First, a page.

Saturday, 6 July 2019

Cartoondom's Most Famous Bathtub

“If you think Mickey Mouse, Aesop’s Fables or Krazy Kat funny wait until you've seen Bosco and His Sweetie in their first of ‘Looney Tunes.’” cried an ad in one newspaper.

Sinkin’ in the Bathtub debuted, according to Michael Barrier’s Hollywood Cartoons, in April 1930; trade publication Harrison’s Reports of May 31 of that year gives the date as May 7 while the Motion Picture News editions for the first half of 1930 give no date, but reviewed the cartoon on May 10. Despite this, an ad for the cartoon appeared in the Los Angeles Times of April 24, 1930. The magazine Hollywood Filmography of the same day announced:
A series of twelve musical cartoons will be produced as Vitaphone Varieties, it is announced by George E. Quigley, vice-president and general manager of the Vitaphone Corporation. They will be called "Looney Tunes," and each is to be based upon a Warner Bros, musical hit.
The first of the "Looney Tunes" is "Sinkin' in the Bathtub," based upon Winnie Lightner's big hit in "Show of Shows." The principal characters are Bosco and his Sweetie Honey who will appear in all twelve of the musical cartoons. The second subject will be "Congo Daze," [sic] the theme song being one from a First National picture. It is a jungle reel filled with wild animals.
Leon Schlesinger is producing the series of "Looney Tunes." The cartoons are by Hugh Harman and Rudolph Ising, with musical score by Frank Marsales and animation by Isadore Freleng.

We know when the cartoon opened in New York City. The Film Daily of May 9, 1930 ran an ad calling Sinkin’ in the Bathtub "a laughing Riot at premiere of the 'Song of the Flame' Warner Bros. Theatre, New York" which happened to be May 6th.

The reviews started coming in. The Motion Picture News of May 10, 1930 remarked:
Sinking in the Bathtub
(Vitaphone Variety — 1 Reel)
Hit Cartoon Comedy with Music
LAUNCHING a new series of Vitaphone Varieties which will be extremely popular if the pace is maintained, "Sinking In The Bathtub" is decidedly clever and original; resulting in plenty of laughs.
Idea incorporates cartoon action in rhythm to musical accompaniment of popular tunes in Warner and First National features. In this case, "Singing In the Bathtub" and "Tip Toe Through The Tulips" were used.
Action opens with lady love in bathtub when boy friend calls, to the strains of the first-named number. It's a laugh riot. Then they swing into the second melody with the orchestra, and comedy action is built around the tune for more laughs. Finale brings the characters into the open for a fast-tempo chase. For laughs and originality, this one ranks with the best of cartoon comedies.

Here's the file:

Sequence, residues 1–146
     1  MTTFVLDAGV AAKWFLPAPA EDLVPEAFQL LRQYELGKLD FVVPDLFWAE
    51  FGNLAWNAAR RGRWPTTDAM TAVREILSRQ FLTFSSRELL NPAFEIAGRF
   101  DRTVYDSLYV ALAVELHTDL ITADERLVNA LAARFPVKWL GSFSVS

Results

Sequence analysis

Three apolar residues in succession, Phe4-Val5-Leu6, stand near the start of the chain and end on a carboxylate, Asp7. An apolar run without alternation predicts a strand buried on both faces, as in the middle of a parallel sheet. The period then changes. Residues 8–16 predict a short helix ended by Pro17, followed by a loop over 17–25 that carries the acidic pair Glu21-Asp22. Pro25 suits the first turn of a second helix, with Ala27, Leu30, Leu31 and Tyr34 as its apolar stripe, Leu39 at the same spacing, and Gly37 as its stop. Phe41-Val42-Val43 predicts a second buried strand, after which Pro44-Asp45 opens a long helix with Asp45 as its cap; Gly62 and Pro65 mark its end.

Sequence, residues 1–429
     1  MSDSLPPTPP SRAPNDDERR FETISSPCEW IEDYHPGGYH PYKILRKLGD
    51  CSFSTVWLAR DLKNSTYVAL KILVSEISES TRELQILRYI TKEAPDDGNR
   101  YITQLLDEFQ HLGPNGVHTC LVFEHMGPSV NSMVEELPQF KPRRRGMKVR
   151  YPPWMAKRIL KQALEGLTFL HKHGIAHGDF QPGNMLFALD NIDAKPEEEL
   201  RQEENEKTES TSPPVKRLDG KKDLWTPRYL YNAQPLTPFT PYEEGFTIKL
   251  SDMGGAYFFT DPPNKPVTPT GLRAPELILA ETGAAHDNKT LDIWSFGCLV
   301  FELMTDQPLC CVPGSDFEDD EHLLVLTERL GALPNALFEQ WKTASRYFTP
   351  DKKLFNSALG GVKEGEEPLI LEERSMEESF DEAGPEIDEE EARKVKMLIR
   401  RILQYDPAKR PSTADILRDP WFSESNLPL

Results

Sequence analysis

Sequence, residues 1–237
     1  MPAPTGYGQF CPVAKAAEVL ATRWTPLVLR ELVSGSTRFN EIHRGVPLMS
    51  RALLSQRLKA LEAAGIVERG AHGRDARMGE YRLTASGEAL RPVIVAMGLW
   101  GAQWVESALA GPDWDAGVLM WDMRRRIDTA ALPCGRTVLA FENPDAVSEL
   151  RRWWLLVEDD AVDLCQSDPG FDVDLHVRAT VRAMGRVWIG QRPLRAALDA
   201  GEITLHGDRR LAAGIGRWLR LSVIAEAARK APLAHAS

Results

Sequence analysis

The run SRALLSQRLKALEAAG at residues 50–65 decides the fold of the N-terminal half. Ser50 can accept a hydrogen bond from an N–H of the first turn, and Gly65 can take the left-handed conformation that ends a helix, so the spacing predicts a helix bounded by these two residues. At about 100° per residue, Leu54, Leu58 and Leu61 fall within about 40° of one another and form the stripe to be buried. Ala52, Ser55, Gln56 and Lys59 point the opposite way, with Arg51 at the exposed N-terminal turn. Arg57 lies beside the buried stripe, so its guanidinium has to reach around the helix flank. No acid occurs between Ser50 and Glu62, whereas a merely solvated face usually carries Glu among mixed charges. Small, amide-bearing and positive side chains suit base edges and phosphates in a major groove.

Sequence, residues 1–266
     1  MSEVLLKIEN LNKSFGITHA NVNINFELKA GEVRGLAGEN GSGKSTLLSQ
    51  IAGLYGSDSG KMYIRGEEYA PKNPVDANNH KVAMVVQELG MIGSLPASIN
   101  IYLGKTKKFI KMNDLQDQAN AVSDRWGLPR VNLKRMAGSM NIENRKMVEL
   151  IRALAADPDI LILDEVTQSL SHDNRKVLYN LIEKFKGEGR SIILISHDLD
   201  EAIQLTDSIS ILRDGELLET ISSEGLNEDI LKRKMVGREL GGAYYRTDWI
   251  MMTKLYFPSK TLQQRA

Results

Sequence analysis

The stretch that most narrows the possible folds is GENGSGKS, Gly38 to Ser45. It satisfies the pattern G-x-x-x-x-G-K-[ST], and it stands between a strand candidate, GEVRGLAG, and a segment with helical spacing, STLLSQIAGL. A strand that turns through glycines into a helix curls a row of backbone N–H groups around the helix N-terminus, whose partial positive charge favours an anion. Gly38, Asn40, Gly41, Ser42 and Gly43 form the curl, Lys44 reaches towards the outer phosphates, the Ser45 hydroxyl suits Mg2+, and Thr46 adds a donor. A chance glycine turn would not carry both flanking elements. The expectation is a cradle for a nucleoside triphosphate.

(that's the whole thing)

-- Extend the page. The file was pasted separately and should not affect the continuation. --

Good subject for any bill anywhere, especially where positive laughs in large numbers are required.
And what of that “finale”? Well, the chase involving Honey in a runaway car and Bosko running after it is reminiscent of the Oswald cartoon Trolley Troubles made by several years earlier (Hugh Harman and Rudy Ising worked on both shorts). This one ends with the two principles falling off a cliff (along with a bathtub). Bosko is caught by a tree branch, Honey and the bathtub end up in the water. Fortunately, the splash creates a hand which unites them all. Bosko plays lily pads like they are xylophone keys, while three ducks briefly quack to the music to bring things to a finish.

Someone at Warners must have had Variety’s ear. It wasted no time in publishing a How-Looney-Tunes-Are-Made story. It appeared in the May 14, 1930 edition and we’ve reprinted it in this post.

Sime Silverman’s review in Variety concluded that the Looney Tunes “has made a flying comedy start” and “WB has something worth a lot here if the series can commence to hold up to its start.” Sime was dead-on. It’s impossible to calculate the huge sums of money that has poured into Warner Bros. over the last almost 90 years because of its cartoons.

Porky Pig, Bugs Bunny and other characters may have become the studio’s huge stars, but they wouldn’t have been around had there not been a Bosko.

1 comment:

  1. Any character that keeps an outhouse just for his flivver's use is okay by me.